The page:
Individual officers of the Minneapolis police force were not brought into the case by plaintiffs' first amended complaint until after the two-year statute of limitations had run. See Savage v. United States, 322 F. Supp. 33 (D.Minn.), aff'd 450 F.2d 449 (8th Cir. 1971), cert. denied 405 U.S. 1043, 92 S.Ct. 1327, 31 L.Ed.2d 585, reh. denied, 406 U.S. 951, 92 S.Ct. 2048, 32 L.Ed.2d 339 (1972); Morey v. Independent School District, 429 F.2d 428 (8th Cir. 1970), adopting opinion at 312 F. Supp. 1257 (D.Minn. 1969). It is now contended that those defendants have a complete defense to all of plaintiffs' claims. However, plaintiffs properly urge the application of the "relation back" provision of Rule 15(c) of the Federal Rules of Civil Procedure.
"Relation Back of Amendments. Whenever the claim or defense asserted in the amended pleading arose out of the conduct, transaction, or occurrence set forth or attempted to be set forth in the original pleading, the amendment relates back to the date of the original pleading. An amendment changing the party against whom a claim is asserted relates back if the foregoing provision is satisfied and, within the period provided by law for commencing the action against him, the party to be brought in by amendment (1) has received such notice of the institution of the action that he will not be prejudiced in maintaining his defense on the merits, and (2) knew or should have known that, but for a mistake concerning the identity of the proper party, the action would have been brought against him. . . ."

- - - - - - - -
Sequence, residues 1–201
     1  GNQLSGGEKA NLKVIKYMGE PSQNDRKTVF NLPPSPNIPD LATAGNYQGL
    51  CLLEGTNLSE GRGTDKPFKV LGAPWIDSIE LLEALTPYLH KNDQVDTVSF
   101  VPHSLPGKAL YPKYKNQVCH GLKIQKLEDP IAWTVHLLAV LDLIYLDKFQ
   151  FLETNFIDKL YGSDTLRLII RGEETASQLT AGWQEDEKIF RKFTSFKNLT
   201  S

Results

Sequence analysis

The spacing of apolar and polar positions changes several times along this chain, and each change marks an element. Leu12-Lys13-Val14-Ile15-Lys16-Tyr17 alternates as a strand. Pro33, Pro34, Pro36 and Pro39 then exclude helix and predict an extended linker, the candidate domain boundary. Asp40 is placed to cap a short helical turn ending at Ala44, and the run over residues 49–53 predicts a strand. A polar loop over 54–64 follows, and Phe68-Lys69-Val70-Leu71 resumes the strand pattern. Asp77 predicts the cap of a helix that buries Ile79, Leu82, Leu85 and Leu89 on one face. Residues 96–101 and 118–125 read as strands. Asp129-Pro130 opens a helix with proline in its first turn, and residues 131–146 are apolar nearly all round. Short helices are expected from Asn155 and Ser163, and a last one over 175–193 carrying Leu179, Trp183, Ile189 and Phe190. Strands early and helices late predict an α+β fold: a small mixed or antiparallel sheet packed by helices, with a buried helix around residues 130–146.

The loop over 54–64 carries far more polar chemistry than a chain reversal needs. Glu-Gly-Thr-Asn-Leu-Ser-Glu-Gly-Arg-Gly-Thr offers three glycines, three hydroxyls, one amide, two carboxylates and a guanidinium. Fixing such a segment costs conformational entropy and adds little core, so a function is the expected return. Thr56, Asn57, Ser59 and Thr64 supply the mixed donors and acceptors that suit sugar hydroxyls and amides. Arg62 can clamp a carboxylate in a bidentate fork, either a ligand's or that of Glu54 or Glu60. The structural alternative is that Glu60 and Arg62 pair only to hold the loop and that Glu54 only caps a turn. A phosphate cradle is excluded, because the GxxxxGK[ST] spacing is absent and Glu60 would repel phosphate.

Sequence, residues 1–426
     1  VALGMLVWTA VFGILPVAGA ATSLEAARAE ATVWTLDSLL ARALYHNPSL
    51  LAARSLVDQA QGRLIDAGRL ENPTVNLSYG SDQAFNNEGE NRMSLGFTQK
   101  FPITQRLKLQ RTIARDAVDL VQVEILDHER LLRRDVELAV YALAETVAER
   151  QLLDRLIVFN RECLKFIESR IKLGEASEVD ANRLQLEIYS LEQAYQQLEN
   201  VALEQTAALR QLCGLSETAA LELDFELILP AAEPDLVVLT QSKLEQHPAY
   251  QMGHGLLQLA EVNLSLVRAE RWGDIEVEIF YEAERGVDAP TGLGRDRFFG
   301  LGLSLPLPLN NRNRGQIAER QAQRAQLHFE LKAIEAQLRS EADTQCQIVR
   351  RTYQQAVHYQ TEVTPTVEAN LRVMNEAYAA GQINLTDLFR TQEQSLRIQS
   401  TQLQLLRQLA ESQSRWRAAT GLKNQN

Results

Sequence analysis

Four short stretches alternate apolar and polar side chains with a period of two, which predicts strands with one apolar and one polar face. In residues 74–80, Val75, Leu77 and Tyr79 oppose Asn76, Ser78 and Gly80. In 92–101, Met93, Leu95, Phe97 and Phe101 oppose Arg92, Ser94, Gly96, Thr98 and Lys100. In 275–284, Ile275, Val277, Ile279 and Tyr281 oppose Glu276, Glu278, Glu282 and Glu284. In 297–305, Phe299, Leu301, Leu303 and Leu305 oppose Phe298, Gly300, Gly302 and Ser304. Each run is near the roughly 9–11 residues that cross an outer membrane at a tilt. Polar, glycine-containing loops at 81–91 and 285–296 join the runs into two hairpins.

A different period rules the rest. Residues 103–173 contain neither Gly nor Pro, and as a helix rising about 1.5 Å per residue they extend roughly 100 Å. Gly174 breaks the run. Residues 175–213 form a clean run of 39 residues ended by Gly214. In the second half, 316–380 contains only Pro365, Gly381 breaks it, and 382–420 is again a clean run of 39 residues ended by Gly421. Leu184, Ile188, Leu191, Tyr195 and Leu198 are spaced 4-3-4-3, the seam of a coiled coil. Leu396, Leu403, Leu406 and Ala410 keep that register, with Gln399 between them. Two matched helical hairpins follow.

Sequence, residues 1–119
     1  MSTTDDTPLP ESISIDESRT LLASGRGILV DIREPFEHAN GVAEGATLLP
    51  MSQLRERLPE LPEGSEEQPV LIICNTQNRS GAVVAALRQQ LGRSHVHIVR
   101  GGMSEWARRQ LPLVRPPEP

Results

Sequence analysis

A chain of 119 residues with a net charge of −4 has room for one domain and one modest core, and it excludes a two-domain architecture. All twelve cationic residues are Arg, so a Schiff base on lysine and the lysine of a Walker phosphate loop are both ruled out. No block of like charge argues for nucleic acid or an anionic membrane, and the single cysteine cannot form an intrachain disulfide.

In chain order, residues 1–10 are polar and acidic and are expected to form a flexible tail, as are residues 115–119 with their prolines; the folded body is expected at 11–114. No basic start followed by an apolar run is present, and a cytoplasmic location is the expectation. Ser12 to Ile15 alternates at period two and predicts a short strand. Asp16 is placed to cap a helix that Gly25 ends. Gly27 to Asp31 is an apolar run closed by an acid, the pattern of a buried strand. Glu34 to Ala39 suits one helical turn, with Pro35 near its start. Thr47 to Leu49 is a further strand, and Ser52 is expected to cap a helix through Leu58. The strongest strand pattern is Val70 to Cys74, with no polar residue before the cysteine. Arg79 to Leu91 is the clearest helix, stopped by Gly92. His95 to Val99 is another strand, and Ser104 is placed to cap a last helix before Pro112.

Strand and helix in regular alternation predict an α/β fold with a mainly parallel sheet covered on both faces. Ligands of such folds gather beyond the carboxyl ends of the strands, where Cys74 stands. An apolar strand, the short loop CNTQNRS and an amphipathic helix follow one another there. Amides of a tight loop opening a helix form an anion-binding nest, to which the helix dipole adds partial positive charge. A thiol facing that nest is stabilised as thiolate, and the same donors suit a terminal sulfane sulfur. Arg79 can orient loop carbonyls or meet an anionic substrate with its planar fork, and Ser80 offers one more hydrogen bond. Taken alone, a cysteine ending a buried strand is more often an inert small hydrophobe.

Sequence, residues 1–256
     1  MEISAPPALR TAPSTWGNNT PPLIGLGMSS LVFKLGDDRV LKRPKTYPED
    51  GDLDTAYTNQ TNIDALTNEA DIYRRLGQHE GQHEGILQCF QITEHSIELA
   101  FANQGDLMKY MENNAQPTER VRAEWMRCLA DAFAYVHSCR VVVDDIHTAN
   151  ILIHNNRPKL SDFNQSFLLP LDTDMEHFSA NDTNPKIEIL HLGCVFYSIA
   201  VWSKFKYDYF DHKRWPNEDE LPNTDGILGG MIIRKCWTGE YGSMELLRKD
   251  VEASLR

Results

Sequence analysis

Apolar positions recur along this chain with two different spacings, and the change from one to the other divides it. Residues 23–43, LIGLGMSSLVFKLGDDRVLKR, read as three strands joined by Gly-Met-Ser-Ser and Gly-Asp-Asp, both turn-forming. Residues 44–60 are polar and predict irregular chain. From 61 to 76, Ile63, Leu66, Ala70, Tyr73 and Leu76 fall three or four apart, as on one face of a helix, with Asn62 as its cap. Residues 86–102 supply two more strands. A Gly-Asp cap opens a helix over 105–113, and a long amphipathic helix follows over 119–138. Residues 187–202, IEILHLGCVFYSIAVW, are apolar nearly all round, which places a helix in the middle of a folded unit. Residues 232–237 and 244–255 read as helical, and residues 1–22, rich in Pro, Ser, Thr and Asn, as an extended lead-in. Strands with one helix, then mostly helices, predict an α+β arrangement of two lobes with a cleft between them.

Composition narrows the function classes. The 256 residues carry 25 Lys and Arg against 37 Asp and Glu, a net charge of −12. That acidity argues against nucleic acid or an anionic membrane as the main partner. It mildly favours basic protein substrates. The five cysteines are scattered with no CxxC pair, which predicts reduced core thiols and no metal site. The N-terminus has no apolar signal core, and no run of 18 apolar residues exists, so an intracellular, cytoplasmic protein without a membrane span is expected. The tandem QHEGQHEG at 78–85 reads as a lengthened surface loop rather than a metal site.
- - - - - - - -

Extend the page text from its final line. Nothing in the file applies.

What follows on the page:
In opposition defendants cite cases where additional defendants totally unrelated to the original defendants were held harmless from plaintiffs' claims; those cases are inapposite here.